We’re little over a week away from the debut outing of the Manchester Weekender, a collection of ‘the best of Manchester’s art and culture’. From 1-3 October, for 48 hours, the city showcases itself through an unmanageably large number of events. I thought, therefore, it might be helpful to pick some personal highlights direct from the programme:
Rafael Lozano-Hemmer at Manchester Art Gallery. A major new exhibition of interactive digital artworks by Mexican-Canadian artist Rafael Lozano-Hemmer, including the world premiere of a large-scale installation People on People, a co-commission with AND festival. The Gallery hosts an evening of live electronica by Marconi Union alongside what’s being billed as ‘interactive activity’ from Lewis Sykes in its glass-roofed atrium.
Un-convention is one of the UK’s most eclectic independent music industry events containing much for those who just love (rather than work in) new music. Employing such unconventional spaces as a barge, Salford Lads’ Club and a church, featuring Bill Drummond, Jarvis Cocker, Jon McClure, Brian Travers and Kevin Cummins – all doing ‘interesting things in the most unexplored places in the city’ – with a travelling circus, music photography projected onto buildings, Colombian Hip Hop, Jah Wobble, the BBC Philharmonic and a brass band as well.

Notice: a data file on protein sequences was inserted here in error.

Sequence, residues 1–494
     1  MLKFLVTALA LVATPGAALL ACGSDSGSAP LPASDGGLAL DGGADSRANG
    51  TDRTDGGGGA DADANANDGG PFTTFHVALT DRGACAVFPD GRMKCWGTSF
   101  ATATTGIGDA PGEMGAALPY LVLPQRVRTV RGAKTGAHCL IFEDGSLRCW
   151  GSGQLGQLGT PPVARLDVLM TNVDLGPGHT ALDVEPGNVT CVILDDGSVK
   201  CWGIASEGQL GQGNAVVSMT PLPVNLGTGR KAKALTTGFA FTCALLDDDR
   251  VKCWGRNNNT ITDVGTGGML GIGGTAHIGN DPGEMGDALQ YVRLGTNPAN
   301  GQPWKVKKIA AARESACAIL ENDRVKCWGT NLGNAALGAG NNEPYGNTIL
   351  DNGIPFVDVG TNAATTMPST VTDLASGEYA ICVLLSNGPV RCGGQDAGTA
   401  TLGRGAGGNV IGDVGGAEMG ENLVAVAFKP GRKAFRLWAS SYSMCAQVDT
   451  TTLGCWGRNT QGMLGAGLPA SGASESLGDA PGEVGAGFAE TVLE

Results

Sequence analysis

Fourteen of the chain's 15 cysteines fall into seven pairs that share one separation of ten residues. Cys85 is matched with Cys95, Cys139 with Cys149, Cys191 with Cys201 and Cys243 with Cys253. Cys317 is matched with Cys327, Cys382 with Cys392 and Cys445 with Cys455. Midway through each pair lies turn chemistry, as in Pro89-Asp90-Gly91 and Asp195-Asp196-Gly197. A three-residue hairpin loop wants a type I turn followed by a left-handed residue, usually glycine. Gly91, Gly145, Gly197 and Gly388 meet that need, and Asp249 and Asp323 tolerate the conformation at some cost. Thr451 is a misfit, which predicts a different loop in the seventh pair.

Contemporary Cartography //01 is a pocket map that provides an overview of what makes up the creative ecology of the city (via its contemporary galleries and underground art spaces) and, to celebrate its launch, there are a number of Contemporary Cartography Tours. The map coincides with the launch of Creative Tourist’s new iPhone app. – a guide to the art and culture of Manchester.
See Manchester by water where a family boat party connects the Manchester Ship Canal with the River Irwell and puts food by one of the Northwest’s top chefs, Robert Owen Brown, on the menu.
Hidden Manchester is a very special, secret tour to one of the city’s most spectacular, but rarely seen by the public, buildings created and led by the city’s most popular guide, the broadcaster and historian Jonathan Schofield, especially for the Manchester Weekender.